Plain Paratha

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Plain Paratha Recipe

This simple plain paratha recipe will show you how to make Indian Paratha flatbread on the stovetop. This simple paratha dough recipe creates a paratha with all purpose flour, or plain flour, and uses an egg in the recipe.

plain paratha
Flaky paratha

What are parathas?

Parathas  are a very common type of unleavened flatbread used in Indian cuisine. The paratha has many different names such as: prontha, parontay, porota, palate, forota, parantha, parauntha to name but a few, depending on where you are.

There are many different varieties and are normally based on whole wheat flour. There are plain versions and stuffed paratha versions and they can be eaten as a snack or accompaniment to a meal. Or even for breakfast. 

plain parathas
Plain paratha

It is great to use a paratha to pick up food or to dip in raita or pickle for example. This is one of my favourite Indian recipes.

Parathas may be served up in circular, triangular or even square format.

Paratha vs Naan bread 

Parathas are different to naan bread in several ways. Firstly parathas are cooked on a tawa or tava (a flat frying pan) whereas a naan is cooked in a tandoori oven.

frying in skillet
Frying paratha in a skillet

 

Also, parathas are often folded several times a bit like puff pastry to give a flaky bread. The folding is done so as to produce rings in the paratha.

In comparison, you may find the naan a bit thicker as it is often made with yoghurt and yeast in the dough. They will both also behave differently if you decide to stuff them, because of the method of cooking.

parathas recipe
Flaky paratha bread

 

The cooking of a paratha does use a fair amount of ghee, I must say, so perhaps it is not as healthy as some other Indian flatbread like roti or chapatis.

But both flatbreads are delicious in their own right and really both should be tried. Serve them both up with your main course and see which goes first!

paratha with curry

Folding a paratha

There are several ways to fold a paratha to create a flatbread with lots of layers. I have tried a couple of them.

Luckily your folding technique does not have to be perfect to produce a tasty paratha (as proven by my pictures below!)

This is method 1 as described in the recipe card below:

rectangular dough
Roll into a rectangle brush with ghee and sprinkle with flour

 

folding paratha
Fold like a concertina’s bellows

 

best paratha recipe
Roll into a circle before rolling flat

 

This is method 2.

circular dough
Start with a circle…..well sort of

 

triangular dough
Fold into a cone shape

 

how to make layered paratha
Squash before rolling flat

Apologies for the poor photos but my fingers were covered in Ghee and my folding technique needs some working on!

I hope you get the idea.

We have found this paratha recipe to be a great accompaniment to my authentic Indian chicken curry and will be making it more often in the future as it is so easy to make, and quicker than my naan recipe.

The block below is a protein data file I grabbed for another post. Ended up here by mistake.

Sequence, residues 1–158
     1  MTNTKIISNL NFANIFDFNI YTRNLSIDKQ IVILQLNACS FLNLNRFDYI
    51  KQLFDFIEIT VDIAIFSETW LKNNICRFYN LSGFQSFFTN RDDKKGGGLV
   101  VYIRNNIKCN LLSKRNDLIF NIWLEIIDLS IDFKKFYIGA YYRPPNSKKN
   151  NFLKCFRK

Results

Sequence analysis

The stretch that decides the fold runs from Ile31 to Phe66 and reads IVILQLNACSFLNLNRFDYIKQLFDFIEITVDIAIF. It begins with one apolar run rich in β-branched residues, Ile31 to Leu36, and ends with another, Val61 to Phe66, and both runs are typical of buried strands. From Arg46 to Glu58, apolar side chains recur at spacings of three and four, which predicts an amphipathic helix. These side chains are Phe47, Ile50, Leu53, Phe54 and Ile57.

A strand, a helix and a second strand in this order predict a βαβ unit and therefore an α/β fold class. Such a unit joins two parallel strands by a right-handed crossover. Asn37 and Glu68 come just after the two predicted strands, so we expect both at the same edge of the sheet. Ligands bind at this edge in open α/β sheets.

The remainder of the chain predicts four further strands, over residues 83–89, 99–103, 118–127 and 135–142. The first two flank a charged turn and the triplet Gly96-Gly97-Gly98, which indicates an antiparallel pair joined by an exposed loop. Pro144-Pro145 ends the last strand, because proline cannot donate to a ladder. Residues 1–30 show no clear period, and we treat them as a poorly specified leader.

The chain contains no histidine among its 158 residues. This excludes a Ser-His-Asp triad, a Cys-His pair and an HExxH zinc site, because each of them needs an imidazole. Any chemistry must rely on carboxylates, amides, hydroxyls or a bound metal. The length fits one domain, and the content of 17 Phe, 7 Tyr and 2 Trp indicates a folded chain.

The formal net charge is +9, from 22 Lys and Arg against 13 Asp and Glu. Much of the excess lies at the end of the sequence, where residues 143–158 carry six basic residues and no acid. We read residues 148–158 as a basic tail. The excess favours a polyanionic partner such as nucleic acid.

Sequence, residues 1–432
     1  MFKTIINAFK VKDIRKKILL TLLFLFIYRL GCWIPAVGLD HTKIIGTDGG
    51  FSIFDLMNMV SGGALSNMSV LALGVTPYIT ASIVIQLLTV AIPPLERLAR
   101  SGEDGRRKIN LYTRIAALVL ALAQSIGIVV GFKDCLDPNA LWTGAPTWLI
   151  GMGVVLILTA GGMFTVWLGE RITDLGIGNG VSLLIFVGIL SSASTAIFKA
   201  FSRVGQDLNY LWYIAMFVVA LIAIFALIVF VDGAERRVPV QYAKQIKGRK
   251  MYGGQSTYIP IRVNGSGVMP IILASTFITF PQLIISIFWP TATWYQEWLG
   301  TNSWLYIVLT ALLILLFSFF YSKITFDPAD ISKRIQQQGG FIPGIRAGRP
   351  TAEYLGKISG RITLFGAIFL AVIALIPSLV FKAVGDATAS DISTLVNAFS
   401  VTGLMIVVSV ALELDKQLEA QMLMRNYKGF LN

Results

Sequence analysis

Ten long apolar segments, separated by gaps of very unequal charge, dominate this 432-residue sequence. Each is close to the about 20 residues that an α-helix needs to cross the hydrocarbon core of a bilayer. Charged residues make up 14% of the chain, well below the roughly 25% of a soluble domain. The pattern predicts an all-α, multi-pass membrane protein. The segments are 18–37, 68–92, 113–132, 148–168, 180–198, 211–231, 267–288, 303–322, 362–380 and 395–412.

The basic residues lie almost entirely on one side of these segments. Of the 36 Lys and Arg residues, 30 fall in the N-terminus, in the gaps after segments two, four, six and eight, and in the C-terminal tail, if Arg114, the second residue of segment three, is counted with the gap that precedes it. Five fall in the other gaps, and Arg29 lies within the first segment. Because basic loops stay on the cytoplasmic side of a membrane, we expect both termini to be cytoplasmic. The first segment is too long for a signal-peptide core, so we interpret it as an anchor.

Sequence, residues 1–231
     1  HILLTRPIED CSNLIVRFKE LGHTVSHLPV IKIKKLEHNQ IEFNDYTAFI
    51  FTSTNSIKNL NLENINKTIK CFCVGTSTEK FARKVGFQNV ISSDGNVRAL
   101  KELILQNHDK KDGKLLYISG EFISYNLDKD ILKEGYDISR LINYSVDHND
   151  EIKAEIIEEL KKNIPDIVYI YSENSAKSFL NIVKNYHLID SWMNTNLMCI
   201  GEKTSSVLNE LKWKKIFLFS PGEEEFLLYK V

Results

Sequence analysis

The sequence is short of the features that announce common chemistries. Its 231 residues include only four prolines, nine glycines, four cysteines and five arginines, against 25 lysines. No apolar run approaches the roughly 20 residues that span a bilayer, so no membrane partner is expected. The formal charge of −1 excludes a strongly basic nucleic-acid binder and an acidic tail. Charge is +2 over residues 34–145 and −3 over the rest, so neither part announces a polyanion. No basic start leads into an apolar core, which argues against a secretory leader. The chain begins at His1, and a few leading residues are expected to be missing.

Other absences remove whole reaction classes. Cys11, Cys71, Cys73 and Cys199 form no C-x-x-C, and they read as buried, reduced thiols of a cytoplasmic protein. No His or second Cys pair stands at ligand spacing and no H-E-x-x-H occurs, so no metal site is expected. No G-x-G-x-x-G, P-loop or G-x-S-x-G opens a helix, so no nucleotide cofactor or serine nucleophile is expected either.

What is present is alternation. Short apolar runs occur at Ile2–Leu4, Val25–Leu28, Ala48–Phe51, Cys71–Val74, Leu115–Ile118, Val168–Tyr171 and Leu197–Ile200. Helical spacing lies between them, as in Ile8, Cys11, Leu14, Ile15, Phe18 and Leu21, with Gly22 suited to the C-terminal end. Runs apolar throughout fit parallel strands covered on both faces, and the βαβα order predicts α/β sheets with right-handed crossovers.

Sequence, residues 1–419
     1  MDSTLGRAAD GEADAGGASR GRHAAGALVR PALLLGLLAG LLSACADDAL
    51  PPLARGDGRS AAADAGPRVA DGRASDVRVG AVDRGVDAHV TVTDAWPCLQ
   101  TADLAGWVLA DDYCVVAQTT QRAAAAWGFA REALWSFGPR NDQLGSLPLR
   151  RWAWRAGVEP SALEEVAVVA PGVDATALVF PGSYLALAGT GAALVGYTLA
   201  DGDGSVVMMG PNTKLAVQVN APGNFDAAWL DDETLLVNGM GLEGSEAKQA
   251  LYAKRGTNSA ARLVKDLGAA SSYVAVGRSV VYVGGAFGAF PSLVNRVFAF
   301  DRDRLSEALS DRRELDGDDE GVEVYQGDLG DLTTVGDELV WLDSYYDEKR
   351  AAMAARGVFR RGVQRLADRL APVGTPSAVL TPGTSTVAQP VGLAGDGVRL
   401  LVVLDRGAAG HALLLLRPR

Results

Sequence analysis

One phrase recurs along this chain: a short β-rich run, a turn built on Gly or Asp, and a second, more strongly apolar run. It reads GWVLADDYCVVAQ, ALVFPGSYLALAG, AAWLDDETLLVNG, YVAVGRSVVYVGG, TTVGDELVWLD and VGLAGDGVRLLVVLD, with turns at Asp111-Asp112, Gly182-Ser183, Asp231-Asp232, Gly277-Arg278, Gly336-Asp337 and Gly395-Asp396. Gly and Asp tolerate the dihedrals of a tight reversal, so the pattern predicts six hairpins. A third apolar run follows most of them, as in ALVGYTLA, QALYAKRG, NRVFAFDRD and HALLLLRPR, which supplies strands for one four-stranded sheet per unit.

I hope you have fun trying this and please let me know how you get on in the comments section below!

Hope to make Plain Paratha

Plain Paratha

plain paratha

This plain paratha recipe makes 6 fairly large sized plain parathas which will melt in your mouth. The perfect accompaniment to an Indian curry.

Prep Time 5 minutes
Cook Time 10 minutes
Additional Time 30 minutes
Total Time 45 minutes

Ingredients

  • 450g plain flour (all purpose flour)
  • 1,5 tsp salt
  • 1 egg
  • 230ml water
  • Melted Ghee to baste and extra flour to sprinkle

Instructions

  1. Mix ingredients together well until you have a nice springy dough. Knead for a bit on a floured surface and form into a ball.
  2. Cover in a bowl or banneton and leave to rest for 30 minutes.
  3. Remove from the bowl and cut dough into 6 equal-sized pieces, and roll them into dough balls.

There are various ways to create the spiral form in the paratha. Here are two:

Folding Method 1

  1. On a lightly floured surface, roll out the dough ball into a rectangular shape. Brush the top with some melted ghee and flour.
  2. Then fold one of the long edges over itself continually in widths of about 15mm so you produce strip of dough like the shape of an accordion's bellows. Then roll this strip into a circle with a rolling pin. (See the pictures in blog post).
  3. Then roll this circle flat.

Folding Method 2

  1. Roll a dough ball into a circle. Brush with melted ghee and sprinkle with flour. Then make a cut from the centre to the outside.
  2. Begin then to fold the dough over on itself until you have a cone-shaped triangular piece of dough.
  3. Put the dough on its end and squash it. Then roll it out into a circle with a rolling pin.

Cooking

  1. Heat up a flat cast iron skillet to a high heat. Then brush the first dough circle with melted ghee and place in the skillet until brown spots appear. Baste the top with ghee and then turn over and cook the other side.
  2. The dough should brown in places during the cooking process.
  3. Repeat for the remaining dough balls.

Notes

Serve up immediately when hot.

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